A Dexedrine overdose that progresses to convulsions and coma can be fatal so it’s important for someone experiencing an overdose to receive emergency medical attention.1
Is Dexedrine Addictive?
Yes, Dexedrine and other amphetamines carry the potential for misuse, physiological dependence, and addiction.1
Dexedrine increases the activity of dopamine, which can reinforce compulsive patterns of misuse in some individuals.6
It is not fully understood why some people develop an addiction to substances while others do not.7 Evidence suggests that some people are more likely to become addicted due to a combination of their:6
- Researchers believe that between 40 and 60% of someone’s propensity for addiction involves genetics.
- Family, peers, economic status, trauma, and quality of life can contribute to someone developing an addiction.
- Substance use at a young age—when the brain has not fully developed yet in the judgment, self-control, and decision-making areas—is also linked to addiction.
Substance use disorders involving a stimulant like Dexedrine develop as continued use of the drug begins to cause significant issues across various areas of a person’s life, including their health, performance in school or work, and in their interpersonal relationships.8
Dexedrine Addiction Signs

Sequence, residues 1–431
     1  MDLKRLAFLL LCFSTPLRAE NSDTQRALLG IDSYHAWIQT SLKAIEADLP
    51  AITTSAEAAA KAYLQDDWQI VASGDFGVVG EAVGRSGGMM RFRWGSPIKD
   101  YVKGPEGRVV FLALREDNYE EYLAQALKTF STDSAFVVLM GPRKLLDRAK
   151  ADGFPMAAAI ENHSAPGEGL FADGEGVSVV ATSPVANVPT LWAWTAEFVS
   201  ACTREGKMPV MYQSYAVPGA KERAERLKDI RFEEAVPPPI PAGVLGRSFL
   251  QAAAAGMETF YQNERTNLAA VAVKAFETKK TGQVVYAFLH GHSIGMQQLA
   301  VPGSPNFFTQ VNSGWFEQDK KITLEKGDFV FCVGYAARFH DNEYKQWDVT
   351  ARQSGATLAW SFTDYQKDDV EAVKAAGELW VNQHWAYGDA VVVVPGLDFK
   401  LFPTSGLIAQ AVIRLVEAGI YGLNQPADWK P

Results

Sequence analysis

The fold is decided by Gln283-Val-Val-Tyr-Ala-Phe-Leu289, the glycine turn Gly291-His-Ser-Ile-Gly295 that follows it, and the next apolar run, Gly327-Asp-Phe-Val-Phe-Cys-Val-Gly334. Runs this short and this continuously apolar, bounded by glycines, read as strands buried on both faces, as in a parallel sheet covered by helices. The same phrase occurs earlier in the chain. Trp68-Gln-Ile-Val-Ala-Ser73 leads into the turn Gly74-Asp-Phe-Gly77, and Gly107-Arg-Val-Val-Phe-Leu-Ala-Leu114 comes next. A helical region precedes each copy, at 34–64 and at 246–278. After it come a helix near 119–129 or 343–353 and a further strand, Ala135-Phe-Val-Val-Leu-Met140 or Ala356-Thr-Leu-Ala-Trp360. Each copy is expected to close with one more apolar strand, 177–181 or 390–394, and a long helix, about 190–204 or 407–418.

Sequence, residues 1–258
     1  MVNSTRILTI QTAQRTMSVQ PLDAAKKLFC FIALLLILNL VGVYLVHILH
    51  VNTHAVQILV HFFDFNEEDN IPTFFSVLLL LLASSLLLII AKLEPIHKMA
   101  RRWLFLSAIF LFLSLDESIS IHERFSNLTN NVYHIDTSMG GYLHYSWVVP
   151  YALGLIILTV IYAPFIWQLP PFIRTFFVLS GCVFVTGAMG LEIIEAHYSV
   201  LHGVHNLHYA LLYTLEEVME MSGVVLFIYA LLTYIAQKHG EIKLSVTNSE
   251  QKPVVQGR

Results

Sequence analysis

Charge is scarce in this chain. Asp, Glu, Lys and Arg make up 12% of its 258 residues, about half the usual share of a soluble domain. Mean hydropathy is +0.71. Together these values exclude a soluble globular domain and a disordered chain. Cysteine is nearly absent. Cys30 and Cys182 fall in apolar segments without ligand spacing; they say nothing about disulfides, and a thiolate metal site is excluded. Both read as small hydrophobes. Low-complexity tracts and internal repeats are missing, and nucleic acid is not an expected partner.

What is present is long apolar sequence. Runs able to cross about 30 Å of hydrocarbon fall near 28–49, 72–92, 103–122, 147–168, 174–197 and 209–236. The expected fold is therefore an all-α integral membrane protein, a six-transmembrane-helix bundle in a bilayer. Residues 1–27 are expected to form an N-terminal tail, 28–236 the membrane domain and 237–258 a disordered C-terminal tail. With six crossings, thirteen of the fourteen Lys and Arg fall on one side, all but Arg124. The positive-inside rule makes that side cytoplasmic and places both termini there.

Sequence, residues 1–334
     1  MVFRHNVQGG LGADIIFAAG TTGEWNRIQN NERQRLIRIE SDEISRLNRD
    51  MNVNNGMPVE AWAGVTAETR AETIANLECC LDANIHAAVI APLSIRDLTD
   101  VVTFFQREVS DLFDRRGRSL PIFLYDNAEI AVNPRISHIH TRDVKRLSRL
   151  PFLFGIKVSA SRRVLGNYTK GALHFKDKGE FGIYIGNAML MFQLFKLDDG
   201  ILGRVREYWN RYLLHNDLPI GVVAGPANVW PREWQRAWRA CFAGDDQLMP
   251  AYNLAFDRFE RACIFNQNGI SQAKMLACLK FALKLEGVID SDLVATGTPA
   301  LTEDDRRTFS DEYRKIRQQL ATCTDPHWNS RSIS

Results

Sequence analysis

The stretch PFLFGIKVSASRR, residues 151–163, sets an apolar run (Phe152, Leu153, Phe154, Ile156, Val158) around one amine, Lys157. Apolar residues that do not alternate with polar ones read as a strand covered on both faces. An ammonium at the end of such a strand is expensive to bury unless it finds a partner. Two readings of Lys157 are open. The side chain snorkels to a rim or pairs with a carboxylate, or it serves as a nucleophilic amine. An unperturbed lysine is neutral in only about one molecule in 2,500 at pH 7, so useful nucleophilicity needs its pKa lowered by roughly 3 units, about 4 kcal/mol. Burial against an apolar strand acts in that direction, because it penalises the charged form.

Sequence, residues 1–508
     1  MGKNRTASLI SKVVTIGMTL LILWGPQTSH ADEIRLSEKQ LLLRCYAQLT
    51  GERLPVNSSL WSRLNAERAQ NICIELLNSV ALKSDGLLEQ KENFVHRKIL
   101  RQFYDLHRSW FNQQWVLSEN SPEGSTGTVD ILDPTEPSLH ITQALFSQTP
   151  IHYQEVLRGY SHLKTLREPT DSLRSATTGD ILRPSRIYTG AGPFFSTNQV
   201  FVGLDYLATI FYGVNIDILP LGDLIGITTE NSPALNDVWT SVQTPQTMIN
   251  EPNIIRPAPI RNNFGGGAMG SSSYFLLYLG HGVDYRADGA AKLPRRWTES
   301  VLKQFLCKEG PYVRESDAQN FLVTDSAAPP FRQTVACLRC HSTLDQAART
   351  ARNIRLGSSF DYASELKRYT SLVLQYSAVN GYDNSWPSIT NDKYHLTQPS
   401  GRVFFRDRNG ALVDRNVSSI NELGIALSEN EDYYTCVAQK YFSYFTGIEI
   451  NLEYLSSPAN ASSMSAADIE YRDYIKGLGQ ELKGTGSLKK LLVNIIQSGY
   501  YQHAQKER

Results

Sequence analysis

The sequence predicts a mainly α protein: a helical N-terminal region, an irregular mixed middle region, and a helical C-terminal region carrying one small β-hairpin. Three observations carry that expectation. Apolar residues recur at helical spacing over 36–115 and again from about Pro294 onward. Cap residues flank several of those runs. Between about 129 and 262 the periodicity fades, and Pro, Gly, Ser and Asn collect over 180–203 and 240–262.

Addiction is a chronic, relapsing condition. While most people start misusing drugs voluntarily, people who are addicted cannot stop using even when they know it is harmful to them or interferes with things that matter to them.9
While stimulant use disorder must be diagnosed by a medical professional, it can be helpful to know the criteria used in diagnosis. Exhibiting 2 or more of the following in a 12-month period would result in the diagnosis of a stimulant use disorder:8
- Taking the stimulant in larger amounts or longer than intended.
- Having a persistent desire or making multiple attempts to cut down or stop stimulant use but being unable.
- Significant amounts of time are spent obtaining, using, and recovering from use of the stimulant.
- Having strong cravings to use the stimulant.
- Recurrent stimulant use despite being unable to fulfill major scholastic, career, or social responsibilities due to stimulant use.
- Continued use despite recurrent social or interpersonal problems caused by stimulant use.
- Skipping important work, social, or recreational activities to use stimulants.